Encyclopedia of Anti-Revisionism On-Line

Revolutionary anti-imperialist struggle in Ireland: Build Solidarity!

Published: New Age, No. 15, August/September 1979
Transcription, Editing and Markup: Sam Richards and Paul Saba
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The situation in Ireland brings revolutionary anti-imperialist struggle very close to the workers in Britain. All those in Britain who call themselves revolutionaries must, if they are to deserve the name, help to build the most thorough­going solidarity with this revolutionary struggle in Britain’s neighbour and oldest colony.

Large solidarity march in London

A march in London on 12th August, in solidarity with the people of Ireland, was attended by 10,000 people. Many of the marchers were working class people who braved police harassment and arbitrary searches, to say nothing of some groups of fascist hecklers, to demonstrate their concern at the continued military occupation of the six counties.

The orderly demonstrators refused to be provoked by the police. One worker who attended the demonstration remarked to – “You certainly find plenty of police on a political demonstration. But when a man gets beaten to death by racist thugs on the underground, a policeman can’t be found.”

Though the march was largely organised by the Young capitalist Liberals, it was also attended by many workers’ organisations and progressive and revolutionary groups; including Provisional Sinn Fein and the Irish Republican Socialist Party. Veteran workers’ leader Harry MacShane spoke at the rally.

Some false ’friends’

Those misleaders of the working class on the Labour ’left’ or in the phoney ’Communist’ Party who claim to be opposed to British army atrocities in Northern Ireland are two a penny. Their so-called ’solidarity’ is just demagogy, now that they can see that more workers in Britain are becoming really concerned. What needs to be asked is: Do these mis-leaders take an anti-imperialist standpoint, and expose the fact that British imperialism – not just a few individual war­criminals – is the root-cause of the troubles in northern Ireland?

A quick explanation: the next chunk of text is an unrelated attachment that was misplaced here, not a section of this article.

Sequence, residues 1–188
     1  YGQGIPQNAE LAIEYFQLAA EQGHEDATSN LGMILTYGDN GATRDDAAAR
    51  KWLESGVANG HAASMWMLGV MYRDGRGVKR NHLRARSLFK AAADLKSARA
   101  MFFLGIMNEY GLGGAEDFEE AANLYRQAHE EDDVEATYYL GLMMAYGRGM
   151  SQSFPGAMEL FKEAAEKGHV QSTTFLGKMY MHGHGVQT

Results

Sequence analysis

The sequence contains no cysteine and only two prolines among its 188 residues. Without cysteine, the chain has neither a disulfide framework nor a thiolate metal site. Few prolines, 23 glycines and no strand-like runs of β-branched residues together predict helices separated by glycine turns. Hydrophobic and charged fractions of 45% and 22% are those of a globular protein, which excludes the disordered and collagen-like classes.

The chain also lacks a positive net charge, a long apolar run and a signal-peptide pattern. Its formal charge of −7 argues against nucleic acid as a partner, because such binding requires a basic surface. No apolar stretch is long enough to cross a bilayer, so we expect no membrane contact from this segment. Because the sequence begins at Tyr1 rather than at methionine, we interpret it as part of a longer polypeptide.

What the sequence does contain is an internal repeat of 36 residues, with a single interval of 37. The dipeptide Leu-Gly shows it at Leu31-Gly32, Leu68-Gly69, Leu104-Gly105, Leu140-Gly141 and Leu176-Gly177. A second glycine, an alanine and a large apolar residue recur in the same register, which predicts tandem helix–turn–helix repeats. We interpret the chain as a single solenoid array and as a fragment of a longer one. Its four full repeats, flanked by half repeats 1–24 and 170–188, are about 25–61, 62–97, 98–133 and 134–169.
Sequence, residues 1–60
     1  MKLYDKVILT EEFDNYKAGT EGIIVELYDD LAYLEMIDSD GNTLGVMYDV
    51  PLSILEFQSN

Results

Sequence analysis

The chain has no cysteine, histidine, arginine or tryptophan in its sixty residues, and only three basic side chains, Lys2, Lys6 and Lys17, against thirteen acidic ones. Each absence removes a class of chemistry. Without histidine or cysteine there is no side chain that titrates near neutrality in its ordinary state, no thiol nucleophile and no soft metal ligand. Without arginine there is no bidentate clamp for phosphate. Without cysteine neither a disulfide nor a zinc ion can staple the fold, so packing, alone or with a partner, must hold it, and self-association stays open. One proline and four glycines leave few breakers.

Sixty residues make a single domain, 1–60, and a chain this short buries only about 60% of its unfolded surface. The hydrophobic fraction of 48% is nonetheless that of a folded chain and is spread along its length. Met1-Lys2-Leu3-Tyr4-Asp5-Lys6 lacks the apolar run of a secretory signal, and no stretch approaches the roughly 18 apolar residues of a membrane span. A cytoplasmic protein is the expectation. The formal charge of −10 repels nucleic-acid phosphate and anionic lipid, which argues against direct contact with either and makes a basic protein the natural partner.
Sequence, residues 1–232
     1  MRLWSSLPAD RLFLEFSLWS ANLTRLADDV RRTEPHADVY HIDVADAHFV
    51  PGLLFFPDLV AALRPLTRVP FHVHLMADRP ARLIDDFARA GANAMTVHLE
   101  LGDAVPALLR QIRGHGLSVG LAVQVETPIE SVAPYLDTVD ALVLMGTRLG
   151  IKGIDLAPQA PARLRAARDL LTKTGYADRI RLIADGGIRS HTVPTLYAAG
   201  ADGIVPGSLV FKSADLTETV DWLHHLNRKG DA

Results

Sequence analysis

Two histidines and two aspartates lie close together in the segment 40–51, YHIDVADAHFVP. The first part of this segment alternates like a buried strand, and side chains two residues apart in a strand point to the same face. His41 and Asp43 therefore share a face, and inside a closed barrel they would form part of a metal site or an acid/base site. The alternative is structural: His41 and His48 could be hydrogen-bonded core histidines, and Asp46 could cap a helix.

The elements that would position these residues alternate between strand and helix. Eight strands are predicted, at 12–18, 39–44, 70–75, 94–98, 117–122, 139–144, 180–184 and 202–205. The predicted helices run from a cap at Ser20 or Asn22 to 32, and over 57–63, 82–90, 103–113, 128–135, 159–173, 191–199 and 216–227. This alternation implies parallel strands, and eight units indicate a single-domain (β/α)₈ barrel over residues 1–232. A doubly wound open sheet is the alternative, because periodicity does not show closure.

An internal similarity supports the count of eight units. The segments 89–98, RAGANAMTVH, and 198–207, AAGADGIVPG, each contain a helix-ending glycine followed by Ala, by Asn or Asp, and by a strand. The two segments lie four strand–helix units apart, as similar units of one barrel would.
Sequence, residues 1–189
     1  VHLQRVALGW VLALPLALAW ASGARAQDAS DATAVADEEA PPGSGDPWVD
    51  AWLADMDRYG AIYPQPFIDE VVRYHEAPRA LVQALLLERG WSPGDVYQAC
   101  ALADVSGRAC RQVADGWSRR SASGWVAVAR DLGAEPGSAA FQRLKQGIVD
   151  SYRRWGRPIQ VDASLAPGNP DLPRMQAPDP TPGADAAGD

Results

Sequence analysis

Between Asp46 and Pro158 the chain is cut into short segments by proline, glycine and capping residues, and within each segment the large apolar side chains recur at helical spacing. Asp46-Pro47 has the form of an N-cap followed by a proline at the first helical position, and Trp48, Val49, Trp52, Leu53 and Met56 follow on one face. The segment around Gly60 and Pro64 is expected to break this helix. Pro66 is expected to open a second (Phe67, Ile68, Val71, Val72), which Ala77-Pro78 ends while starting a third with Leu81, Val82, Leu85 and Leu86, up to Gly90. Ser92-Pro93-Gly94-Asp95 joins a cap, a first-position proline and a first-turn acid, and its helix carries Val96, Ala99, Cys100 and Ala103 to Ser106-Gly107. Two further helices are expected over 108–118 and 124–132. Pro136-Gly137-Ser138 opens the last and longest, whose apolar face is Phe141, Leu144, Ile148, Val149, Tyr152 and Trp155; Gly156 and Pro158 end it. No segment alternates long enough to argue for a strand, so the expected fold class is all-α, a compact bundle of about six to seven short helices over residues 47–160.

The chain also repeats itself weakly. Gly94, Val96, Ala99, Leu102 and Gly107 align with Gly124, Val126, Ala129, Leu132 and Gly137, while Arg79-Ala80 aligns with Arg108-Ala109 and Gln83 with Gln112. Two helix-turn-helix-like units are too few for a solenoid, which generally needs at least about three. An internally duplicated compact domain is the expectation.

Of course they don’t. They just want the bosses’ state to punish some particularly blatant war-criminals (for appearance’s sake), and negotiate withdrawal of the British troops as part of an overall settlement that will ensure that there is an ’orderly transfer of power’ – in other words that there is no revolution.

This is a false way out of the troubles. British imperialism is their root cause. Only revolutionary anti-imperialist struggle offers a solution to them.

Bury imperialism!

With such confusion being propagated on this issue among workers in this country, it is our duty to spell out the situation clearly.

There has to be a revolution in Ireland – there must be a revolutionary struggle in Ireland, north and south, to reunify the country and establish its genuine independence. British imperialism partitioned Ireland nearly sixty years ago to prevent the rise of an independent Ireland. For the birth of such an independent Ireland through revolutionary struggle would have brought the spectre of anti-imperialism perilously close to the working class of Britain. Such a prospect has remained British imperialism’s worst nightmare ever since. (For revolutionaries, it has been the fondest dream and most cherished hope.)

British imperialism has tried to get this partition accepted with the passage of time. It has tried by every means to tie the industrial areas of the six counties to the economies of England and Scotland, and thus to leave the south as a desolate backwater – an agricultural hinterland with little industry of its own, and a prey to neo-colonialist plunder. Such a situation leaves the industrial working class of Ireland scattered, weak and disunited. British imperialism wants to fossilise this situation by maintaining the partition.

Unfortunately for British imperialism, there is no way of fossilising live patriots. If proof of this were needed again, it has been given in recent days by spirited republican demonstrations and other actions in Derry and elsewhere. This contrasts with the disorder and disillusion in the unionist camp, with the annual Apprentice Boys’ March in Derry poorly attended this year. Can it be that the Protestant workers whose hearts and minds have for so long been a prey to the divisive ideology of Unionism are beginning to ask themselves what they get out of the union with the British Bosses’ state, and to count the costs of the puny privileges of their ’ascendency’ over their republican class brothers and sisters? If so, then the writing is on the wall for British imperialism.

The Irish working class is sure to build a revolutionary party that can lead all developments towards workers’ unity, north and south. Such a party will be able to launch a revolutionary anti-imperialist struggle that will sweep away the partition and shake British imperialism to its roots.

On top of all this, the solidarity movement in Britain is at last becoming a force to be reckoned with. Under the banner of revolutionary anti-imperialism, we must lead workers in this country to rally to the side of their sister working class over the water.

British imperialism, get out of Ireland!